This past Monday, Cam came home from school and, when asked how his day was, said that “something really cool” had happened. As I’ve mentioned in the past, this is surprising because usually I only get a one word response summarizing his eight hours away from home. He went on to describe an event that happened in his math class that day. From my understanding, his teacher’s birthday was the prior weekend and a couple of the girls in the class decided to bake the teacher cookies. Personally, this makes me feel bad as I have had some really great teachers in the past (especially in the 7th grade) and at the time the thought never crossed my mind to provide them with baked goods. The girls brought the cookies into the class for everyone to share. Cam has learned from school lunches, breakfasts and other functions to politely decline the food being offered to him to reduce his risk of being glutened. This time, he didn’t have to. The girls gave him two, individually-wrapped, gluten free cookies that they had purchased from Whole Foods and brought in just for him. They had made an effort to include him. I’m not sure if the teacher had any involvement in this or not and, frankly, it doesn’t matter either way. If she did, kudos to the teacher for listening to our concerns and looking out for our son. If not, good for those girls for thinking forward and showing compassion for Cam. It gives my wife and I hope that the dating years aren’t going to be as difficult as we think that they are. The cherry on top of this story is that due to the baked cookies being slightly overcooked, Cam ended up sharing his gluten free cookies with some of the class and it was determined that they tasted better than the ones with gluten.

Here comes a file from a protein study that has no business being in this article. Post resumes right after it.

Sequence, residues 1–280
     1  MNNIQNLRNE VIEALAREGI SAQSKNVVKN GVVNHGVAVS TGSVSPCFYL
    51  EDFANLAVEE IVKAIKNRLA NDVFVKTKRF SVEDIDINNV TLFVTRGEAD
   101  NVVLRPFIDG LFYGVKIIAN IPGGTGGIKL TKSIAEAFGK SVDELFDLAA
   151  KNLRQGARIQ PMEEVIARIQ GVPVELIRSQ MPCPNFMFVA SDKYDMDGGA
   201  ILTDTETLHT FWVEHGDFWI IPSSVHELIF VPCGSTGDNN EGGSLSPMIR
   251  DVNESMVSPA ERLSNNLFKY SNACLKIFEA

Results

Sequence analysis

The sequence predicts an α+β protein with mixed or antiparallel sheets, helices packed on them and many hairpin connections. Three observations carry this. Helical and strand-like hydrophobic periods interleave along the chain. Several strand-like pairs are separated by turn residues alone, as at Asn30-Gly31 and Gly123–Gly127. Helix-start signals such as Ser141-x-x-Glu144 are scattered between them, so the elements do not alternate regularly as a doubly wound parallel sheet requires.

So maybe there is more than just a silver lining here. Maybe this is a bright beacon of light shining on a community that needs it right now. Here’s an example of a younger generation understanding the needs of others and providing for it rather than making fun of it. Here’s an opportunity taken and a goal achieved in showing that gluten free food isn’t terrible and can be as good as, if not better, than your standard baked goods. It’s a “cool” story like this that helps us pick up our battered confidence, dust it off and continue to spread the word. For what we are doing is important and it’s working.